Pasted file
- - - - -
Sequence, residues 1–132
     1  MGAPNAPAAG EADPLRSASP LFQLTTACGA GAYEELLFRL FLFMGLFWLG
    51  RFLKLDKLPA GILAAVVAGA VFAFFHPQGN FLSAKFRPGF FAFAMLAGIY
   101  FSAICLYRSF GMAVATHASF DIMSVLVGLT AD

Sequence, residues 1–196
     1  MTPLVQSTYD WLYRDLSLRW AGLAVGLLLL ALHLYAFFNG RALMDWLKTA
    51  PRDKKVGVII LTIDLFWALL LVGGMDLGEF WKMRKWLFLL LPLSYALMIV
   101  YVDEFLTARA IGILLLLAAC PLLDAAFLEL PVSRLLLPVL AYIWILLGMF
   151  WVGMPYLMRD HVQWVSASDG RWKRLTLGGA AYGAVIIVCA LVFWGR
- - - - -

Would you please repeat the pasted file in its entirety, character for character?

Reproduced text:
Sequence, residues 1–132
     1  MGAPNAPAAG EADPLRSASP LFQLTTACGA GAYEELLFRL FLFMGLFWLG
    51  RFLKLDKLPA GILAAVVAGA VFAFFHPQGN FLSAKFRPGF FAFAMLAGIY
   101  FSAICLYRSF GMAVATHASF DIMSVLVGLT AD

Sequence, residues 1–196
     1  MTPLVQSTYD WLYRDLSLRW AGLAVGLLLL ALHLYAFFNG RALMDWLKTA
    51  PRDKKVGVII LTIDLFWALL LVGGMDLGEF WKMRKWLFLL LPLSYALMIV
   101  YVDEFLTARA IGILLLLAAC PLLDAAFLEL PVSRLLLPVL AYIWILLGMF
   151  WVGMPYLMRD HVQWVSASDG RWKRLTLGGA AYGAVIIVCA LVFWGR